You name it, I’ll bet you’ve heard or read it.

Turn on the TV, read a magazine, talk to a friend, watch the news, or read social media and there it is.

Advice about money.

Everyone has an answer or opinion on how much you should have and save, what’s the appropriate amount to spend and on what, whether to use credit cards or not, and of course, the magical amount you MUST have stashed away to retire.

The advice and opinions run the gamut — from basic and simple to complex and elaborate.

Much of it conflicts with the other. What one expert says is often dispelled by another. You’re told this is the best way to handle your money but then, change the channel and another expert says, the opposite.

So, who do you listen to? Who do you follow?

You want me to do what with my money?

Life can turn on a dime. One minute all is going along swimmingly, the next, you wonder what happened.

You thought you had saved enough. You thought you were spending wisely. And, yet, you wonder, where the money went? How is it possible you don’t have enough to cover your lifestyle and basic needs?

You swear you did everything right, by the book — Or, as close to the book as you were able.

But, here’s the hauntingly difficult question to ask — were you reading and following the right book? Not the one meant for EVERYONE, the one meant just for you?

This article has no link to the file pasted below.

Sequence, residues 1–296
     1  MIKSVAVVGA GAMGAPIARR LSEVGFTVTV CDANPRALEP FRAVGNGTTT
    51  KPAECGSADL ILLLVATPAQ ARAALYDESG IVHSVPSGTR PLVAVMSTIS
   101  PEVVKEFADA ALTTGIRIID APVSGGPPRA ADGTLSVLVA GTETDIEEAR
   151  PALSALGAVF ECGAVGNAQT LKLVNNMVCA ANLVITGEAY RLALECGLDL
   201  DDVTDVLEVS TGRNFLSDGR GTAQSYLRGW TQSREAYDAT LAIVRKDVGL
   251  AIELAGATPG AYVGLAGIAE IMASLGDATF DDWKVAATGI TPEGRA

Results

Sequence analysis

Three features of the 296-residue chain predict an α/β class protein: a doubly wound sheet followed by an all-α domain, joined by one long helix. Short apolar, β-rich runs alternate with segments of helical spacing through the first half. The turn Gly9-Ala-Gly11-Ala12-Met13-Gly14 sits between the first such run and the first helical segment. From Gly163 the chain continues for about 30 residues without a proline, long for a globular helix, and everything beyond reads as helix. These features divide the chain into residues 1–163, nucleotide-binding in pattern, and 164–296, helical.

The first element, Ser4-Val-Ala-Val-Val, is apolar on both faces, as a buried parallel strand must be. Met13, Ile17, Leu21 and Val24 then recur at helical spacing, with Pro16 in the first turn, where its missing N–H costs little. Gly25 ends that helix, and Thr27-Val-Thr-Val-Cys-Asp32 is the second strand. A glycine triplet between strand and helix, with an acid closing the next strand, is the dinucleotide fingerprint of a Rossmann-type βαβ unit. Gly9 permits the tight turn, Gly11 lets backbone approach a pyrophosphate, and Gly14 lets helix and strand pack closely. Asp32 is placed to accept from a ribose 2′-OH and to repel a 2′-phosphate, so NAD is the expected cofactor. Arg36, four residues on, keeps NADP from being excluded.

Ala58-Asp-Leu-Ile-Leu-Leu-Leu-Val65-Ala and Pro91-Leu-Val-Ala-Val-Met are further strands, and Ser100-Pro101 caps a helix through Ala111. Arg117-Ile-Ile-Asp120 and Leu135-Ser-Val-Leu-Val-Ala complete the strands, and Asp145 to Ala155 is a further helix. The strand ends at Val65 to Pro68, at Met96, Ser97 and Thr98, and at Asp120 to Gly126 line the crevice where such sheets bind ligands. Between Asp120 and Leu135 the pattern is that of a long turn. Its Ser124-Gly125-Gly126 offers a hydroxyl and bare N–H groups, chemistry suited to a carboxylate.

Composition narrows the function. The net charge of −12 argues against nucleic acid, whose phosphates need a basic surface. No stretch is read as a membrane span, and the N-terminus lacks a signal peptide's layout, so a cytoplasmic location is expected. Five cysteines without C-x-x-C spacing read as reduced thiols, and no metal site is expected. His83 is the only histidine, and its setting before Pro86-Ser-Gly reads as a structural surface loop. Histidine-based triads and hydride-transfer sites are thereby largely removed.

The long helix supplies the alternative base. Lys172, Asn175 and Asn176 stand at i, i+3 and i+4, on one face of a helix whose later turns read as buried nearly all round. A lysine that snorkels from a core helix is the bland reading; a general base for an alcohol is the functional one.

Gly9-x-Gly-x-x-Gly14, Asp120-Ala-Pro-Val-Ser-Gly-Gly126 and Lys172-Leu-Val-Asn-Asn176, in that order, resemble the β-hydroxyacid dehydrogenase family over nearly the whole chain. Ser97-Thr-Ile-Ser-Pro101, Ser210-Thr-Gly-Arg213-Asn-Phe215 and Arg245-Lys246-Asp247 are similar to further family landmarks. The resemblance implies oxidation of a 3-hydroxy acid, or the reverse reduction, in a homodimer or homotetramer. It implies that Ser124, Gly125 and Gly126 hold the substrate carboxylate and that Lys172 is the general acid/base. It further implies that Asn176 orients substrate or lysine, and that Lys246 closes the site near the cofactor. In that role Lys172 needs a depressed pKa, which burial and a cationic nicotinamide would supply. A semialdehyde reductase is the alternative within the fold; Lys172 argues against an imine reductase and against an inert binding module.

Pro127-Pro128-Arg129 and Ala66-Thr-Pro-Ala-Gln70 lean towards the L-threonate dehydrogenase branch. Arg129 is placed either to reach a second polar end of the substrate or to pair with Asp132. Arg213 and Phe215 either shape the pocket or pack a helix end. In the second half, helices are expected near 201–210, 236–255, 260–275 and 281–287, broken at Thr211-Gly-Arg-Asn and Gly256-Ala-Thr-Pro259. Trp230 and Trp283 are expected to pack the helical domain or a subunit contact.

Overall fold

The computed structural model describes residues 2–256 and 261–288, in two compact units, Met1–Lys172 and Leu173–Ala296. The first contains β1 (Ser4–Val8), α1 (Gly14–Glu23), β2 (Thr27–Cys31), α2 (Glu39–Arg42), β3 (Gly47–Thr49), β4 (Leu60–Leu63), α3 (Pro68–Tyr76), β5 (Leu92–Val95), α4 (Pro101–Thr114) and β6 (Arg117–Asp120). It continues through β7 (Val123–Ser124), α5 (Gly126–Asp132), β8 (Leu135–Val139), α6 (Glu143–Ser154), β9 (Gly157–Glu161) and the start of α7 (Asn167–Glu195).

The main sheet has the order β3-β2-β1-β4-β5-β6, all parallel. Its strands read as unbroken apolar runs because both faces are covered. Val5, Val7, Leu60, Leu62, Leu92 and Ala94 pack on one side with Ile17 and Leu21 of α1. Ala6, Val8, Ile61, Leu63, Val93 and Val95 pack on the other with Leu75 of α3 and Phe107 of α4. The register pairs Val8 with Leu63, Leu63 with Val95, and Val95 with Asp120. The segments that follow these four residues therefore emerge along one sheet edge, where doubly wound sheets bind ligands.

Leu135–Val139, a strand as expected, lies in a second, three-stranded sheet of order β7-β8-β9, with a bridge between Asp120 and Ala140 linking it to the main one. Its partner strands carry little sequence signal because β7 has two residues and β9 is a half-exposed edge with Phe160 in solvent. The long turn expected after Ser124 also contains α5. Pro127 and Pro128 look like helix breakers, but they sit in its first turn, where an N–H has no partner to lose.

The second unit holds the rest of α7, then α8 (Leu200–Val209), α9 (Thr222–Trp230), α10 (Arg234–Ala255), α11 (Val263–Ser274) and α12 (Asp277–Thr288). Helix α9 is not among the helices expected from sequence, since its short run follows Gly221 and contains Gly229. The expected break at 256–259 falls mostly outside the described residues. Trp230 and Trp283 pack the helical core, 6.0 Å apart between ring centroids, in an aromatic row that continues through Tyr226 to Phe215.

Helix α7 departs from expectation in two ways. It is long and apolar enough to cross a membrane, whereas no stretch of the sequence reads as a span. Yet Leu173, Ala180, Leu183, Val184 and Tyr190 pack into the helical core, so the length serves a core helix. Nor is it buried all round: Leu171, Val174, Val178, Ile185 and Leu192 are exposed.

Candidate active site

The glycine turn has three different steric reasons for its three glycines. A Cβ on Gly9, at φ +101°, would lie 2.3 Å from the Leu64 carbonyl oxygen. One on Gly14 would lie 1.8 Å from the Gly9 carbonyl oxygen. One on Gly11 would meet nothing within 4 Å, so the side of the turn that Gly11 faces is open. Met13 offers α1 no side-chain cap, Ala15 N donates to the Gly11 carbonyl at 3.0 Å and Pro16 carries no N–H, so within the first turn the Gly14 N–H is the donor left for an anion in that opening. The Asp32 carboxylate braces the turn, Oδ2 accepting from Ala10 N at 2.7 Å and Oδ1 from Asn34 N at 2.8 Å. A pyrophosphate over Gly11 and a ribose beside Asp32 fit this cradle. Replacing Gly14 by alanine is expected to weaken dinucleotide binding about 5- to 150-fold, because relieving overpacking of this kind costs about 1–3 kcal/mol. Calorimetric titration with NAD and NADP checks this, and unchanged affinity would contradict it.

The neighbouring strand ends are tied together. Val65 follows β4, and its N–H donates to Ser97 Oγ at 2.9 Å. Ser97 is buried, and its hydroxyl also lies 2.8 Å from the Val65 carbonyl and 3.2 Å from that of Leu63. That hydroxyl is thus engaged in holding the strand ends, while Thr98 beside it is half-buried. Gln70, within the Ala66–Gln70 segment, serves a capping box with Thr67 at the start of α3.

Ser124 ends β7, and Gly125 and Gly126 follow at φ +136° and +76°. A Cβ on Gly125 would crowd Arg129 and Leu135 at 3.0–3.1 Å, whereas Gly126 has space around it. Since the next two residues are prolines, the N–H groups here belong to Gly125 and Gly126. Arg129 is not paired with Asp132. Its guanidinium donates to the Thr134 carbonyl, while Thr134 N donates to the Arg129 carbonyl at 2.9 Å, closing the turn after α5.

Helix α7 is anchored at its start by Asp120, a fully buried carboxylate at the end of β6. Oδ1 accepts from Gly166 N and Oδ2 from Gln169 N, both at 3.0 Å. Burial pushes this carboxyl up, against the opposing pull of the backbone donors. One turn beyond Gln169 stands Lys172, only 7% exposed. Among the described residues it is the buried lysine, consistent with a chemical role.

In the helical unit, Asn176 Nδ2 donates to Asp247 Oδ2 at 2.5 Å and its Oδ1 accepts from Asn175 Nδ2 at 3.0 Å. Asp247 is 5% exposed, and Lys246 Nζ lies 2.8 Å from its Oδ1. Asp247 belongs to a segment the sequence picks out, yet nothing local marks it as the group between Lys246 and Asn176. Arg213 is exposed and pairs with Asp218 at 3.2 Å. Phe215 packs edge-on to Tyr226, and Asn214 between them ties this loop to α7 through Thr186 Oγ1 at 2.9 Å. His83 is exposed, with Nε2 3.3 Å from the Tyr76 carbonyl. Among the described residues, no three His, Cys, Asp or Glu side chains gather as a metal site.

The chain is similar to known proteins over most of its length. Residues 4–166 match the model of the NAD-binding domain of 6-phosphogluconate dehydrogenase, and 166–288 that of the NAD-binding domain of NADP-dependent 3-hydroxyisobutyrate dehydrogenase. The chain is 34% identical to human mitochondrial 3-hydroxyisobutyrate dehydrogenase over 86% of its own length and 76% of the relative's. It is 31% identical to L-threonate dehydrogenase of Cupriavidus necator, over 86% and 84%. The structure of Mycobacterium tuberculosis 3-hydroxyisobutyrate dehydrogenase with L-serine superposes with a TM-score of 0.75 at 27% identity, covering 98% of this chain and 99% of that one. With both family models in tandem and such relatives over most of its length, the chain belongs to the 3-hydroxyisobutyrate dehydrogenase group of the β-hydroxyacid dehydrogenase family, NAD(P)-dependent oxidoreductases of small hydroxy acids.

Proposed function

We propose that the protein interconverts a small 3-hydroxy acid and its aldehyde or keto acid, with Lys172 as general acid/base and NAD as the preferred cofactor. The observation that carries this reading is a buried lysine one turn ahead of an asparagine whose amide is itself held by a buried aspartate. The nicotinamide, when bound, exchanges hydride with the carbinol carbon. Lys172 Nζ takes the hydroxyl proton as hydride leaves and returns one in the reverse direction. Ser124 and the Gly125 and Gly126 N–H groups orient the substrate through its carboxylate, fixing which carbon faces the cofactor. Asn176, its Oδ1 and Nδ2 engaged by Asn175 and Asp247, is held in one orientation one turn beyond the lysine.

My husband and I know this one first hand. We funded our 401(k) regularly. Lived within our means. We did not use credit — we found out how toxic it was for us and stopped using it altogether. We saved. We bought a house. Our net worth was growing nicely.

We even downsized into a more efficient home, a townhouse with less maintenance. We cut our mortgage in half, and ended up with a beautiful view of the river out our back door. Who needs the cost of a pool when you can breathe in the magnificence of a large expanse of water for free?

All was going well, as I mentioned above, swimmingly! (no pun intended) UNTIL… my husband lost his job.

Can you say gut punch?

Who knew when he took his retirement from 30 years at the phone company and jumped ship to a company that wooed, wined and dined him, that this new job would end in less than a year? Never did we expect this as he was offered double his current salary, a signing bonus, and a car allowance.